By Anoop Singh

Continuing my travels through Asia for the launch of our October 2010 Regional Economic Outlook: Asia and Pacific, I am writing to you today from Singapore. In my last post, I focused on the near-term outlook and challenges for Asia. Today, I turn to the key medium-term challenge—the need to rebalance economies in the region away from heavy reliance on exports by strengthening domestic sources of growth. This is against a backdrop of the need to rebalance global growth that was emphasized over the weekend by the ministers of the Group of Twenty industrialized and emerging market countries.

Heavy reliance, arguably over-reliance, on exports is a common challenge across Asia. Yet, the policies to address it will differ among the countries in the region. Much of the public discussion focuses on ways to increase consumption, and this is something the IMF has written about extensively in the past. But the role of investment in rebalancing growth is equally important and something that should not be overlooked.

Current gaps in investment

Across the region, investment could play a bigger role in driving growth in three respects.

  • Overall investment appears low in some parts, but not all, of Asia. This tends to be more of an issue for the leading economies of the Association of Southeast Asian Nations (ASEAN).
  • Elsewhere in the region, such as the newly industrialized economies (Hong Kong SAR, Korea, Singapore, and Taiwan Province of China) and Japan, aggregate investment is in line with comparable countries outside the region. But, the composition of investment is skewed toward exporters and capital-intensive firms, which crowds out domestically-oriented and labor-intensive enterprises.
  • In addition, rapid growth across the region has stretched existing infrastructure close to the point where it severely constrains activity.

Boosting investment

What are the main reasons for this situation, and what can be done about it? Two important factors seem to be at play.

  • First, investment in many regional economies has been subdued over the past decade or so. This reflects lower returns, greater uncertainty and mixed perceptions about the ease of doing business particularly since the Asian financial crisis in the late 1990s. However, financial constraints also played a role. In particular, small and medium enterprises, as well as firms operating in the services sector, appear to have limited access to financing, including in Japan and Korea. In these cases, modernizing the ways banks extend credit (including more risk-based financing) or make it easier to restructure the finances of small and medium enterprises, can help reduce the impediments to investing in the services sector.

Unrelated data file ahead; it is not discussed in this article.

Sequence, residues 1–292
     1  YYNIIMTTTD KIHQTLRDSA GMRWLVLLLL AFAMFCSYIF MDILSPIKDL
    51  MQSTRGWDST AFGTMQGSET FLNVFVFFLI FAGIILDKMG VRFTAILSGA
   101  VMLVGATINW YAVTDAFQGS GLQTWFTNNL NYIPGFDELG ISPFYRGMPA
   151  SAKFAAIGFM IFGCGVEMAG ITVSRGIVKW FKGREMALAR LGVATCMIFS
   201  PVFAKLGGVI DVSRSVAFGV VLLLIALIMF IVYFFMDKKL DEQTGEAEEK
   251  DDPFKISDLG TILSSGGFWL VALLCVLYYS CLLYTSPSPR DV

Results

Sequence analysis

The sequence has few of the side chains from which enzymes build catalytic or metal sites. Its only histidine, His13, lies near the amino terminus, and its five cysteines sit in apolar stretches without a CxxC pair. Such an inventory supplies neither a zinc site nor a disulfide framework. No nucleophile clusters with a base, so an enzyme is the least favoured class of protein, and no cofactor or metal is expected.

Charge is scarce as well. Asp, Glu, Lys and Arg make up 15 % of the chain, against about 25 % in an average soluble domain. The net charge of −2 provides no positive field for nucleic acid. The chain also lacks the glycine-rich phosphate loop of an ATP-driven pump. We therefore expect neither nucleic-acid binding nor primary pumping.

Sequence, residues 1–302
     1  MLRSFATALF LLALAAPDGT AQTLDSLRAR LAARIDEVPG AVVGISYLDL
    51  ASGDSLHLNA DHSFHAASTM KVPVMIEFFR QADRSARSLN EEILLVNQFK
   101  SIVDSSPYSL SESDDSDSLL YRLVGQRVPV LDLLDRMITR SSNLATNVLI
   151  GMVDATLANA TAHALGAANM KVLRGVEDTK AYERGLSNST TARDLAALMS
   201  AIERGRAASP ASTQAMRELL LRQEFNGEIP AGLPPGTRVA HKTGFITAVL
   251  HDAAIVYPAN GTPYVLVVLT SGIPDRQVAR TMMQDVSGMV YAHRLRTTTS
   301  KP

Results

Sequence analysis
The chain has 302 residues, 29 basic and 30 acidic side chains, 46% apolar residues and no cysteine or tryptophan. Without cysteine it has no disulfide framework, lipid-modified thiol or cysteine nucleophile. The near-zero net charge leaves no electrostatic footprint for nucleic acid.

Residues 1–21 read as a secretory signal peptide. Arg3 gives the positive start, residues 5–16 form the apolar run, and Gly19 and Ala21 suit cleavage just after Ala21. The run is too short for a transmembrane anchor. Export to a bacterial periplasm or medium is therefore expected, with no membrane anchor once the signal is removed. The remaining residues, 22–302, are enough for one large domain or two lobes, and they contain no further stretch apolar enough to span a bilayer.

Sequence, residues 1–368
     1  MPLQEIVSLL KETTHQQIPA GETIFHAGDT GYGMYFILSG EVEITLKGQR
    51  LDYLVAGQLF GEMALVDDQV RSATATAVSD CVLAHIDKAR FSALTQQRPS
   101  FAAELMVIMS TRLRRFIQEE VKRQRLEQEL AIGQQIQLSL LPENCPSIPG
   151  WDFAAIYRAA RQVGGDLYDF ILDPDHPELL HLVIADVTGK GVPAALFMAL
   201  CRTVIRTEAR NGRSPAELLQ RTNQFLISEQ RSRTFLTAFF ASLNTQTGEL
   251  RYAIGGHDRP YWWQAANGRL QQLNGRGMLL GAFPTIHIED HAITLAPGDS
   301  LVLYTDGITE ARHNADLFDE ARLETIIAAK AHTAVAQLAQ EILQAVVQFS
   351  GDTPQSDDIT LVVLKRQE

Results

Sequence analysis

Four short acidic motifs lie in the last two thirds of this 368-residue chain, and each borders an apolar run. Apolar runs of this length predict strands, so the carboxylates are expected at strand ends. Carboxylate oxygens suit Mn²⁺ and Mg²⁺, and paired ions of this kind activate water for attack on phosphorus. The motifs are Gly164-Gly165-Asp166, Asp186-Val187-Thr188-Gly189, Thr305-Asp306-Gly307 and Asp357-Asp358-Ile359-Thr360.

• The second important factor concerns shortfalls in infrastructure, which also suppress private investment spending. This is most pronounced in the ASEAN region and low-income economies. With most infrastructure in the region provided by governments, greater private participation through public-private partnerships may help address critical bottlenecks while also reducing pressures on public coffers.

Policy actions under way

The good news is that several countries are already taking steps in the right direction.

  • Japan and Korea are improving the financial infrastructure for smaller and more service-oriented firms through reforms in collateral laws and creating a market for distressed corporate assets.
  • Indonesia and Malaysia have taken steps to improve the business environment by easing restrictions on foreign investment in the services sector and creating ‘one-stop shops’ for investors to reduce administrative delays.
  • And many countries, including low-income ones, are making greater use of public-private partnerships to promote critical investment in infrastructure.

Clearly, it will take time and steadfast implementation of reforms to boost investment and, in turn, rebalance Asia’s growth. But the strength with which shock waves from the financial crisis hit markets across Asia—from India to Japan—also remind us that Asia’s economies will be the primary beneficiaries of strengthening their domestic engines of growth. The time has come to invest in a rebalancing of growth in Asia.